At IFA last year, Huawei’s new Ascend Mate 7 flagship might have stolen the show but they also introduced the Ascend G7 smartphone which borrowed design inspiration from other flagship smartphones and aimed to deliver a solid experience without requiring a large initial outlay. At a cost of £150-£200 in the UK, the LTE-enabled Ascend G7 is a smartphone with mid-range specifications and a flagship design coupled in a package designed to be affordable for everyone.
On paper, the Ascend G7 offers mid-range specifications without a standout feature but how does the smartphone perform? Is it a mid-range device at a mid-range price with average performance or is it a flagship handset masquerading as a mid-range smartphone? Let’s take a look and find out.
Hardware and Design
Huawei’s latest entry-to-mid-range smartphone sports a 5.5 inch HD IPS display with 720 x 1280 pixels resolution which offers a pixel density of 267 pixels per inch. The IPS display boasts vibrant colours despite only offering 720p resolution and to the naked eye, it’s very difficult to spot it has a lower resolution than other similar displays on the market.
Above the display, the Ascend G7 sports the earpiece speaker, proximity and ambient light sensors and a 5MP front facing camera. Compared to other handsets that retail at a similar price, the front facing camera has one of the highest megapixel counts.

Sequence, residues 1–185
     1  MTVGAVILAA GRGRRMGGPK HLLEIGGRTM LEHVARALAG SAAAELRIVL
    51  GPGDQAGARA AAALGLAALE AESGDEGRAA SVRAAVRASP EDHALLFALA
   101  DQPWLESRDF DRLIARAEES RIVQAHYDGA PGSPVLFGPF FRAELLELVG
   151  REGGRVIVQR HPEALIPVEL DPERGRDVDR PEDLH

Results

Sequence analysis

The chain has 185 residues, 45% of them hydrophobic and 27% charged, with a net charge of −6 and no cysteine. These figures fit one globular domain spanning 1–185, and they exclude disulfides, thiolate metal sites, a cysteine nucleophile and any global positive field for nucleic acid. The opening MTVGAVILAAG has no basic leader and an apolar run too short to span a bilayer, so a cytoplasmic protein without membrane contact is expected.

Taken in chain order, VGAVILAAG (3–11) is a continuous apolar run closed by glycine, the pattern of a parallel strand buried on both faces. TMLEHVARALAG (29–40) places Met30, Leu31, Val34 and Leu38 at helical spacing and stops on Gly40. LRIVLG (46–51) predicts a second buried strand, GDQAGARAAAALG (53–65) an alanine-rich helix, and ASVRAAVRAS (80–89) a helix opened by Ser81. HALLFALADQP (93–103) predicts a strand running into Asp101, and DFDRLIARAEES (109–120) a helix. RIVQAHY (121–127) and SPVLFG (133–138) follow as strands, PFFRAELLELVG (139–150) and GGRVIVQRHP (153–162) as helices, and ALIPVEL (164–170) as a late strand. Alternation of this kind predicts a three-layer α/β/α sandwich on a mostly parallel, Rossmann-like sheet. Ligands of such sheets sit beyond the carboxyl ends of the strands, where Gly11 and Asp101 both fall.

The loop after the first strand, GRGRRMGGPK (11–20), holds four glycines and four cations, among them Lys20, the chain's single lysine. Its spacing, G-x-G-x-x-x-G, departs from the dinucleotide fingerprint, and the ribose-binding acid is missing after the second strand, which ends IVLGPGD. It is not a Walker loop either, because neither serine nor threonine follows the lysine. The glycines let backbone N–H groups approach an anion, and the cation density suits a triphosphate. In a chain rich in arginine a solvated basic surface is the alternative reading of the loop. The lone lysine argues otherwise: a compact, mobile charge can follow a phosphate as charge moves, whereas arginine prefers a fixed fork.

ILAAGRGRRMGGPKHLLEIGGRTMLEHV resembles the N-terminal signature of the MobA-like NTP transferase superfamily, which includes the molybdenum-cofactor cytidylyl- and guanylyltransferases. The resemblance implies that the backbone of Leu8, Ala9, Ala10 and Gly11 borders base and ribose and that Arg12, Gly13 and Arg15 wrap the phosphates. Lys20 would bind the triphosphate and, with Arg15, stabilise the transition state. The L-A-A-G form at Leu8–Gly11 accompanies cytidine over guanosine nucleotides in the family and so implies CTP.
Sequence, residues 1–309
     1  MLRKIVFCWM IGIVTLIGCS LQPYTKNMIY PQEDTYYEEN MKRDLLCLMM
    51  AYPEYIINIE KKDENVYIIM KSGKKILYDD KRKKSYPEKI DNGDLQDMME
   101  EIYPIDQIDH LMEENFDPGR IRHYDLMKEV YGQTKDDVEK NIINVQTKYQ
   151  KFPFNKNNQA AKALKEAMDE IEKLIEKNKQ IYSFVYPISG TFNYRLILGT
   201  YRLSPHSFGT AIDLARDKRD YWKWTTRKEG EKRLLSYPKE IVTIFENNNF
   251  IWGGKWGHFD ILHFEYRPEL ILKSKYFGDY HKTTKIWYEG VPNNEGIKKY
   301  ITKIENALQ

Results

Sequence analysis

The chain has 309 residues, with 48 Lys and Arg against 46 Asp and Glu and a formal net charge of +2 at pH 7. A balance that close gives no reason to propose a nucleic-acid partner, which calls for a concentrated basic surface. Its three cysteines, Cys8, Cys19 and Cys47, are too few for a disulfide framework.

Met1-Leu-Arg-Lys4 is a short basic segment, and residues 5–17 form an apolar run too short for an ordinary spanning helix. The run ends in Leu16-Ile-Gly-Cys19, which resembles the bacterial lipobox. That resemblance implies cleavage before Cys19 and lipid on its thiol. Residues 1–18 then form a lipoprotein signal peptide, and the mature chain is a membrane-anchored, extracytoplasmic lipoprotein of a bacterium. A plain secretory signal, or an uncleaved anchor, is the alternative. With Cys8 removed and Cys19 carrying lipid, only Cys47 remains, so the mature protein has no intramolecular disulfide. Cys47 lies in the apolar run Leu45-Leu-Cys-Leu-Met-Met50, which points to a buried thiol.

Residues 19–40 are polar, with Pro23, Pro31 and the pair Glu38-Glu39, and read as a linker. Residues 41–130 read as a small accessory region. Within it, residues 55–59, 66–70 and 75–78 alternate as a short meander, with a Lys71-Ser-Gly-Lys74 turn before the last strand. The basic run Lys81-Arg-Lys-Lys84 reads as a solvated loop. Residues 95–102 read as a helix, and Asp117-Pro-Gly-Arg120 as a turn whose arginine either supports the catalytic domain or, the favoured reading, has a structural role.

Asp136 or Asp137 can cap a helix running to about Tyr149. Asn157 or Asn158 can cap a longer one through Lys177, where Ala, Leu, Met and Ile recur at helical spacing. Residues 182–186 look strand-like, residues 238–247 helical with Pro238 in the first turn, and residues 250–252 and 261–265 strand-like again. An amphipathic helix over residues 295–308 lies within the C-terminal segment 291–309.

The Ascend G7 runs on the Android 4.4.4 KitKat operating system out of the box (presumably with a planned upgrade to Android 5.0 Lollipop at a later date) and comes with KitKat’s on-screen navigation keys which use up 128 pixels at the bottom of the display.
The left side of the Ascend G7 features no buttons or ports which means the right houses two buttons, the SIM card and the microSD card trays. The microSD card is on the bottom (the far left as shown above) and next up is the micro SIM card tray followed by the power button and the volume keys.
Both the power button and the volume keys are not as recessed as other handsets and this ensures they provide impressive tactile feedback whilst remaining easy to locate and press. The buttons are firm yet easy to press and are one of the nicest set of buttons of all-metal handsets on the market.
The bottom of the Ascend G7 features the microUSB v2.0 port and the microphone. As we covered in our Inside Huawei R&D feature, the manufacturer tests the ports on its handsets to ensure they are reliable and we found no issues in inserting or removing the microUSB cable from the port.
The top of the Ascend G7 features the 3.5mm headphone jack – in our time with the handset, we found that whilst the headphone jack was reliable, it provided average output at best.
The back of the Ascend G7 features a two-tone finish with a brushed metal plate flanked by the 13MP camera above it and the loudspeaker beneath it. The position of the loudspeaker renders it near useless when held in your hand and in our testing, we found that it is audible in moderately noisy conditions but is drowned out by loud background noises.
The Ascend G7 build’s on last year’s Ascend G6 with a premium build upgrade whilst borrowing inspiration from rival handsets (we’ll leave you to guess which ones we’re referring to). For a handset at this price point, the all-metal finish adds a premium feel that is far superior to the plastic found on other devices.
The handset certainly looks and feels premium but does the rest of the handset match the impressive build?